RANGERS’ administrators have revealed that they have received “several expressions of interest from parties not connected to the club” since they took control at Ibrox three days ago.
No potential buyers are expected to show their hand at present, but those intimations of interest have increased hopes that the champions can find a viable future without Craig Whyte.
Administrators Duff and Phelps were appointed by Whyte, the club’s current owner, on Tuesday. Rangers’ move into administration triggered a ten-point penalty which leaves them 14 points behind Celtic in the SPL, but of more fundamental concern to the administrators is the financial state of the club. Rangers owe £9 million in PAYE and VAT to Her Majesty’s Revenue & Customs – a sum accrued since Whyte bought the club from Sir David Murray last year – and are also awaiting the verdict from a tax tribunal which could saddle them with a bill for an additional £50m.
“As administrators, we have to look at all other expressions of interest in the club and to date we have received several expressions of interest from parties not connected to the club,” Paul Clark of Duff and Phelps said at an Ibrox press conference yesterday, conducted by himself and colleague David Whitehouse. “These will be subject to ongoing discussions and examined in the forthcoming days.”
Former club director Paul Murray has talked of his hopes of reviving an offer he made last year in opposition to Whyte, in which he planned to involve a small group of like-minded individuals. A significant number of Rangers supporters favour a venture which would open the club up to mass ownership, but Murray regards it as more practical to have a small number of large investors rather than a large number of small ones.
Murray believes that the level of debt carried by the club before the Whyte takeover was sustainable, and that analysis is shared by one other interested group who contacted The Scotsman yesterday. They are willing to work with Murray and others to form a consortium, and think it crucial that an “institutionally acceptable” board is formed.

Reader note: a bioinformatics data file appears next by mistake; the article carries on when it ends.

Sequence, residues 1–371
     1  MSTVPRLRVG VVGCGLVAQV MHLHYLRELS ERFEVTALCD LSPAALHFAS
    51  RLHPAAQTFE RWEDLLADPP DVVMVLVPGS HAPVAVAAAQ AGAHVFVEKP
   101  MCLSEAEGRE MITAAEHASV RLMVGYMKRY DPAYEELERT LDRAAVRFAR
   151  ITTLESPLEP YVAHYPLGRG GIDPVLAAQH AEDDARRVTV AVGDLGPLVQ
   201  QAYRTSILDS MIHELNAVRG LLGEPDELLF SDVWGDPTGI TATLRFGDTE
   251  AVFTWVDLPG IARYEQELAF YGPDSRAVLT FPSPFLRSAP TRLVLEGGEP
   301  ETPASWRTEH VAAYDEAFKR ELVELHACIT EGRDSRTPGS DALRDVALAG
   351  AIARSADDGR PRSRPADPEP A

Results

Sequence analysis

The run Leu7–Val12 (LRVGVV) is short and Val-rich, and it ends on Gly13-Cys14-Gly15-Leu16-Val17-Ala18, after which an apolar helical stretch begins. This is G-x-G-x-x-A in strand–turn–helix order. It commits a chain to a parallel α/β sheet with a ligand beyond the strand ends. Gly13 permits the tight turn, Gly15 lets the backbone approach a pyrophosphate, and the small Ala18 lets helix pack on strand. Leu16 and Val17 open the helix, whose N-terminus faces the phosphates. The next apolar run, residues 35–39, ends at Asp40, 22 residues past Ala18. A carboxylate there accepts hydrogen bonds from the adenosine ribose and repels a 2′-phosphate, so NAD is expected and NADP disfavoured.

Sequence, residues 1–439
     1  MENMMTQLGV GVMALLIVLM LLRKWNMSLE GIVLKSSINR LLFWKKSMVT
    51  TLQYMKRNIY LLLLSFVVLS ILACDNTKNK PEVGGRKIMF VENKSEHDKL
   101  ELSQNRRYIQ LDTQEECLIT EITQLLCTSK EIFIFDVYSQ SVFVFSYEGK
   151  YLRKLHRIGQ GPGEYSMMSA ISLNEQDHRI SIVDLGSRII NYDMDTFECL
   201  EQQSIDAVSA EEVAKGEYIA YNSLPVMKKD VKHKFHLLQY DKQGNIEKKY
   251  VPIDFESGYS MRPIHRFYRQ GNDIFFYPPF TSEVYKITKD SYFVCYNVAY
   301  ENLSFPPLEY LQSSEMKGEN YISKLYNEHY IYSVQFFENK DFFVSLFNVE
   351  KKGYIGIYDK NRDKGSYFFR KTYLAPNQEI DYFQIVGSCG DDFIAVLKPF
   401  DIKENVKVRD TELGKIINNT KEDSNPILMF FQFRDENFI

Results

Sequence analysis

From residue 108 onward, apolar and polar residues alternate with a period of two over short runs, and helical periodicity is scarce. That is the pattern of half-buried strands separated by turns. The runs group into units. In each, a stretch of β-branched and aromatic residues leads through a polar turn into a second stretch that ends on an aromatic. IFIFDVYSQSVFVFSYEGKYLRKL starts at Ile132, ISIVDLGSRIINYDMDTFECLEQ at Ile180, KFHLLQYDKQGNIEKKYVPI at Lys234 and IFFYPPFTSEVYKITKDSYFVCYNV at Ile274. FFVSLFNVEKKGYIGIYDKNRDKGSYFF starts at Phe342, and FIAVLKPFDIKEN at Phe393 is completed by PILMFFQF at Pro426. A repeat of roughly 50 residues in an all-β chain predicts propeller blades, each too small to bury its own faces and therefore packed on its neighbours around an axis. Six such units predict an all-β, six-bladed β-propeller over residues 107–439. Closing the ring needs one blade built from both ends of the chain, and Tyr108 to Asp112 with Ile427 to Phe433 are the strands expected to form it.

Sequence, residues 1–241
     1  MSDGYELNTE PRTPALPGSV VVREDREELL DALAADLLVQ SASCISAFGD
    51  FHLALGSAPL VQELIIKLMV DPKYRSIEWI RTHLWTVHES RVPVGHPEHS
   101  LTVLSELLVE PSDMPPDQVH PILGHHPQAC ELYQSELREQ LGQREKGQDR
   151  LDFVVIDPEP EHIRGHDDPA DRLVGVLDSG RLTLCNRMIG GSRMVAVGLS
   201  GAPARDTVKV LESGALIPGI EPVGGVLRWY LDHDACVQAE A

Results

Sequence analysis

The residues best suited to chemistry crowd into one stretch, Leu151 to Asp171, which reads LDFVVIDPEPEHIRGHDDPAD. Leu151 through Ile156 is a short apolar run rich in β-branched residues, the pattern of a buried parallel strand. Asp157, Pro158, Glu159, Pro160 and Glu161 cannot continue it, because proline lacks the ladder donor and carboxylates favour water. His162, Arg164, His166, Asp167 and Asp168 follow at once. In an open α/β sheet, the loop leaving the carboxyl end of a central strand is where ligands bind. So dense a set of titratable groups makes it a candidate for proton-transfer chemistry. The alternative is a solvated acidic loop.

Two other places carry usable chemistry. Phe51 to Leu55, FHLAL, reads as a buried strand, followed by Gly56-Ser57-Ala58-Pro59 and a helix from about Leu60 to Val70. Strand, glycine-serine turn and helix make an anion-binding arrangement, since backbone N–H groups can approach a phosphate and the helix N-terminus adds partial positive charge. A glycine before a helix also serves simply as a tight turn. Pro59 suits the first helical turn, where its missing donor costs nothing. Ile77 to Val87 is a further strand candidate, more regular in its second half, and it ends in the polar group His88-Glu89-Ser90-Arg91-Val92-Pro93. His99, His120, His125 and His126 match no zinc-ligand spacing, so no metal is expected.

Their argument is that Whyte and his colleagues lacked sufficient standing in the business world to make a go of Rangers, even before the news emerged this week that the chairman had failed to pass on that £9m to HMRC. They are open to negotiations with Murray and any other parties, and envisage coming to an agreement with Duff and Phelps by providing proof of working capital, then opening the club up to wider investment with a rights issue.
Any moves will almost certainly not take place until it is learned whether Rangers enter a Company Voluntary Arrangement (CVA). Meanwhile, the administrators’ immediate concern is to determine if Rangers can come out of administration by the end of next month.
If that happens, and if accounts can be filed, the club will have accorded with Uefa licensing requirements in time to be allowed to take part in European football next season. If it does not, they will be confined to domestic competition.
Duff and Phelps think they have made progress since moving in on Tuesday, but could offer no more than hope when asked how confident they were of taking the club out of administration on time. Hitting the deadline was described as possible but optimistic - although they did imply that such a move was far more likely than liquidation which, they said, HMRC did not see as desirable. “In broad terms, supporters can be reassured that Rangers will continue as a football club and we hope to reach a stage as soon as possible where the club can emerge from administration,” Clark added.
“We have had expressions of support across the political spectrum in Scotland within the last 24 hours and there is clearly a desire to see Rangers come through this situation successfully. We are confident that, based on what we have seen, we will be able to achieve a successful result, which is that Rangers Football Club will continue.”
Administrators also held talks with the SPL and with the SFA yesterday.
“Our first priority has been to ensure that the football club continues to function and this is being achieved with the help of staff, players and management at the club,” said Clark.
“In particular, we would like to thank the club’s business partners who are going the extra mile to ensure that Saturday’s home match against Kilmarnock goes ahead.”
Asked about the unpaid £9m, Whitehouse said it had been used to help run the club. “They were deductions that were made at source that were fundamentally used as a funding tool for the club,” he said. He confirmed that the pending tax-tribunal verdict had not been the cause of Rangers’ going into administration. “Insolvency came about because of the consequences of losses since the takeover,” he said.